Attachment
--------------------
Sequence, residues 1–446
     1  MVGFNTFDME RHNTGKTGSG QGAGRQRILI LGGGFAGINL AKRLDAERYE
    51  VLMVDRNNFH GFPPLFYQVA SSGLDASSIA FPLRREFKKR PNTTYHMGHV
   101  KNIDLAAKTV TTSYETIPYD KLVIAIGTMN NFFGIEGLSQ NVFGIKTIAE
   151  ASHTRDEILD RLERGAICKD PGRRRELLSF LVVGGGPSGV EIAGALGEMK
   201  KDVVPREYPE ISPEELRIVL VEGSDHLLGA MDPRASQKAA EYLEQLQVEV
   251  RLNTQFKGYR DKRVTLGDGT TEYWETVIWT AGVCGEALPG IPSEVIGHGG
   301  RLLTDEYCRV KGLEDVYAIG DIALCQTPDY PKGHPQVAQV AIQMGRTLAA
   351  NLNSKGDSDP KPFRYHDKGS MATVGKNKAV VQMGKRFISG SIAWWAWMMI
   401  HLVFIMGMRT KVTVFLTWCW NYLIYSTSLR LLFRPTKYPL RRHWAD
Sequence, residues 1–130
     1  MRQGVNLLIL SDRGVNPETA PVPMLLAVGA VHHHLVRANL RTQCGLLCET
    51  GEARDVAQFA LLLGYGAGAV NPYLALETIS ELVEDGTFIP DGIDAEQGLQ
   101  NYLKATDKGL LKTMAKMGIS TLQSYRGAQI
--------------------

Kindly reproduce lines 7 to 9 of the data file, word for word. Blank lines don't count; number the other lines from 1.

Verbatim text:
   251  RLNTQFKGYR DKRVTLGDGT TEYWETVIWT AGVCGEALPG IPSEVIGHGG
   301  RLLTDEYCRV KGLEDVYAIG DIALCQTPDY PKGHPQVAQV AIQMGRTLAA
   351  NLNSKGDSDP KPFRYHDKGS MATVGKNKAV VQMGKRFISG SIAWWAWMMI